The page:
Inside Bernard Madoff’s new home: the Metropolitan Correctional Center prison in Manhattan
via Daily News
Bare-bones bunk beds with meager mattresses, white-washed cinderblock walls and a shared sink.
Inside the Metropolitan Correctional Center, typically home to terrorists, gangsters and drug dealers, the high-rolling Ponzi scheme mastermind is one of 750 inmates.
His sprawling East Side duplex is just a memory, replaced by a 7-1/2-by-8-foot cell. After 45 years of waking up with wife Ruth, Madoff may share his room with another inmate.
Instead of a leisurely weekend brunch, the 70-year-old Madoff gets a 6 a.m. wake-up call with breakfast served 30 minutes later. Rather than a tasteful custom-tailored gray suit, he’ll don a baggy brown prison-issued outfit.
Lunch is at 11:30 a.m., and dinner at 5 p.m. Lights out is at 11 p.m. sharp. Depending on the location of his cell, Madoff might catch a glimpse of Manhattan’s bright lights from its small single window.
Entertainment options are sparse, too. The only TVs are in common areas, where he can share the viewing with fellow felons.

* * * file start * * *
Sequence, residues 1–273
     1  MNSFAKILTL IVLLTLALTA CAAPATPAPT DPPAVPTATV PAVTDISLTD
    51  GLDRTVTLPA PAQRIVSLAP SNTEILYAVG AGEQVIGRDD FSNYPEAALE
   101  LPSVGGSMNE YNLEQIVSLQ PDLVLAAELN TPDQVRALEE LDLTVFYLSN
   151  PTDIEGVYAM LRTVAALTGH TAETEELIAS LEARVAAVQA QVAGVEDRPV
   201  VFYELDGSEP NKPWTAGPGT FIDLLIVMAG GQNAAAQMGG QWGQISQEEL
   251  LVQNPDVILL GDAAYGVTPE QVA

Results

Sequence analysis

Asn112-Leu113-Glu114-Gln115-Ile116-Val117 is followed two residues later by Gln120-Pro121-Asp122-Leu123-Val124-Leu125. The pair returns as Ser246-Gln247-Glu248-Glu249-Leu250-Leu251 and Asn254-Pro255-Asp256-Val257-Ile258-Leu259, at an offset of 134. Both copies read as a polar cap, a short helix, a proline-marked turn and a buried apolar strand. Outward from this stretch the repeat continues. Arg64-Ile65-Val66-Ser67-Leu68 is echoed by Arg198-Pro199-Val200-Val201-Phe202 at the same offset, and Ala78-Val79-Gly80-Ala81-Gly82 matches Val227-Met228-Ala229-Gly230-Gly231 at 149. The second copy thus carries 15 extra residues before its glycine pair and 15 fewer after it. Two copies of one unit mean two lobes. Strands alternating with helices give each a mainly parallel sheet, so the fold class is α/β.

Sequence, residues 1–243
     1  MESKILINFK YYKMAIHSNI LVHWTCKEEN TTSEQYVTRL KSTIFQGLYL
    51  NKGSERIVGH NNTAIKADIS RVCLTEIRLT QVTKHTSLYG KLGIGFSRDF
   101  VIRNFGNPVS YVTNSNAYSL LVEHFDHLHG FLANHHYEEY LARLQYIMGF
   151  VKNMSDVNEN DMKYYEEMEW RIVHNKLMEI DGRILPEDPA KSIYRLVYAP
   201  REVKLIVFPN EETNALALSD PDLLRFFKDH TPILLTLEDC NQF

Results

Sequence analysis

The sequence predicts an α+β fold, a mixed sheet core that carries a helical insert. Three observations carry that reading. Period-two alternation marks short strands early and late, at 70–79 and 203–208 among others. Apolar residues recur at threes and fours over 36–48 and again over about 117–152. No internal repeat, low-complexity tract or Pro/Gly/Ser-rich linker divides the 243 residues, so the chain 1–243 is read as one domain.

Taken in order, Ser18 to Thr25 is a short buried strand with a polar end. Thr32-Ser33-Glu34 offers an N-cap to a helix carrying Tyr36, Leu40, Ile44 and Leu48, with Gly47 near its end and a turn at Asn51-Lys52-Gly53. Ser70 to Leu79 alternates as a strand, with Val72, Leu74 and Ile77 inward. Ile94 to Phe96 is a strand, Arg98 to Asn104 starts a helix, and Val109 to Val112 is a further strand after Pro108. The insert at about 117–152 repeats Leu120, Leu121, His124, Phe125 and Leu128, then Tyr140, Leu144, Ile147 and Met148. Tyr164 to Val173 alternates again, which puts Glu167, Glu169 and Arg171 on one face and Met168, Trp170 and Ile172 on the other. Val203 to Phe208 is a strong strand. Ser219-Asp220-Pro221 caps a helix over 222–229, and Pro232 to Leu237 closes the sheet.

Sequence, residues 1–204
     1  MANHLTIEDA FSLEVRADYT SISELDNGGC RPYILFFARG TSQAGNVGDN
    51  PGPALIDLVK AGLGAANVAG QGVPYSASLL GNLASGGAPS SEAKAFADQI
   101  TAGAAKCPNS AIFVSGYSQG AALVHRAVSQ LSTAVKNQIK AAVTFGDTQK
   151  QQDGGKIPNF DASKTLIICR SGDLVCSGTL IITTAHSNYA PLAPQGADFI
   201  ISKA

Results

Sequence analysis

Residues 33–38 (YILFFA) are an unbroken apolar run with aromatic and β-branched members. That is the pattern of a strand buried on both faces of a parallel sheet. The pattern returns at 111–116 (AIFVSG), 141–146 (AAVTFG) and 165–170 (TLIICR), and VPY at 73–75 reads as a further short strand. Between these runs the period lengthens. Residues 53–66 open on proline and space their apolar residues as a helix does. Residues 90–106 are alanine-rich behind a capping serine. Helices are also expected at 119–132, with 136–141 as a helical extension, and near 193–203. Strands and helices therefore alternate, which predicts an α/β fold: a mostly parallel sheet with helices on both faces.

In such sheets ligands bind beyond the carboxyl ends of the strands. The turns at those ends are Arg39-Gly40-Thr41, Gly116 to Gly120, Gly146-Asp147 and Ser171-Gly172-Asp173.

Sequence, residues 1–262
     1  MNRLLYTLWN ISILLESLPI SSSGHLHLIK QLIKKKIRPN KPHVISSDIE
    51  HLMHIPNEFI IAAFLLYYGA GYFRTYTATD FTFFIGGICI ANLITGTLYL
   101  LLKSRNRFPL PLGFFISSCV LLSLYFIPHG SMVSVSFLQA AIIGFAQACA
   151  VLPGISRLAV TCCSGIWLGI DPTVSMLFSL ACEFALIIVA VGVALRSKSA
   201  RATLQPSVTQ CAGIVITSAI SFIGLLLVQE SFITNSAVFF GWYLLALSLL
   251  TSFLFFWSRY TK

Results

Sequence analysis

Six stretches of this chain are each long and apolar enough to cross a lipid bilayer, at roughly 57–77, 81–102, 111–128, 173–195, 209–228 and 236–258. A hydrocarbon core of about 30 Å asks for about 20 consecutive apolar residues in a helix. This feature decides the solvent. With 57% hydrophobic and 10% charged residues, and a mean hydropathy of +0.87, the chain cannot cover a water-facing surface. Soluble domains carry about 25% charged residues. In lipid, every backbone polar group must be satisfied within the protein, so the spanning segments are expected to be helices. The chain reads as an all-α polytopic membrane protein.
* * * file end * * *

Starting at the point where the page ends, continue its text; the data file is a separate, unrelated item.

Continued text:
Every other day, Madoff can enjoy outdoor recreation – on the lower Manhattan building’s caged roof, a comedown from his glass-topped $7 million penthouse.
Inside, he can kill time reading in the prison library or playing Ping-Pong – sad substitutes for 18 holes of golf or a $50 Palm Beach pedicure.
Madoff is likely to land in a medium or minimum security facility. Former federal prosecutor George Jackson said that could change if authorities think Madoff is protecting co-conspirators.
“To the extent that you obstruct justice, you’re going to find yourself housed in a place that makes your prison sentence much harsher,” said Jackson, of the law firm Bryan Cave.